From Scheme 1, the rate law can be derived as follows: The total [] can be written as where “t” and “” stand for “total” and “free”, respectively. Similarly, total [OH] can be calculated as In view of the low concentration of and DL-Aspartic acid used in the experiment, in (3), the terms [] and [Asp][] can be neglected.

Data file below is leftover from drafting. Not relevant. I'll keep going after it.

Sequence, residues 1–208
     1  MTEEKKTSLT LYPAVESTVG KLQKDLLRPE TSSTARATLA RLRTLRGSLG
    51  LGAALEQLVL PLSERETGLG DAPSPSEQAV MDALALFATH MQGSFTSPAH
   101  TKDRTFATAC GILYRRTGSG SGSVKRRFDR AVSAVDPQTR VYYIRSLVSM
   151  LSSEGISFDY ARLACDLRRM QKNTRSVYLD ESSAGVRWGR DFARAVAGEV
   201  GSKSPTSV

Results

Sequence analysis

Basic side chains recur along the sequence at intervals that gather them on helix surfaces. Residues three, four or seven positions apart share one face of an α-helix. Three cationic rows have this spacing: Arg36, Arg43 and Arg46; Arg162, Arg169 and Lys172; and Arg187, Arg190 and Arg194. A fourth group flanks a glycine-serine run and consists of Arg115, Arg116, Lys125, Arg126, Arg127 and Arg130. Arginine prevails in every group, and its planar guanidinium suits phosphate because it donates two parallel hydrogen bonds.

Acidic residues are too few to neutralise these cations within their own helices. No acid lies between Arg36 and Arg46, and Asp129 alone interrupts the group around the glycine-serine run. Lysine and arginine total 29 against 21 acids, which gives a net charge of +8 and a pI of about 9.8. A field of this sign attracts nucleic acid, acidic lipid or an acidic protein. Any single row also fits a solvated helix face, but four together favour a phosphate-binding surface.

Thus, Similarly, Substituting (3), (5), and (6) in (2), we get Equation (8) is consistent with the observed orders with respect to different species, which can be verified by rearranging to (9) According to (9), other conditions being constant, plots of 1/ versus 1/[Asp] and 1/ versus 1/[OH] should be linear (Figures 3 and 4). The slopes and intercepts of such plots lead to values of , , and k (Table 2). With these values, the rate constants were calculated under different experimental conditions. The thermodynamic quantities for the first and second equilibrium steps of Scheme 1 can be evaluated. The [DL-Aspartic acid] and [OH] (Table 1) were varied at five different temperatures. van’t Hoff’s plots of log versus 1/T and log versus 1/T gave the values of enthalpy of reaction , entropy of reaction , and free energy of reaction , calculated for the first and second equilibrium steps (Table 2). A comparison of the later values (from ) with those obtained for the slow step of the reaction shows that they mainly refer to the rate-limiting step, supporting the fact that the reaction before the rate-determining step is fairly fast and involves low activation energy [20, 21]. The moderate values of were both favorable for the electron transfer processes. The values of , that is within the expected range for radical reactions, have been ascribed to the nature of electron pairing and unpairing processes and the loss of degrees of freedom formerly available to the reaction upon the formation of a rigid transition state [22]. The negative values of indicate that the complex (C) is more ordered than the reactants [23, 24]. The enthalpy of activation and a relatively low value of entropy and a higher rate constant of the slow step indicate that the oxidation most probably occurs via inner-sphere mechanism [25, 26].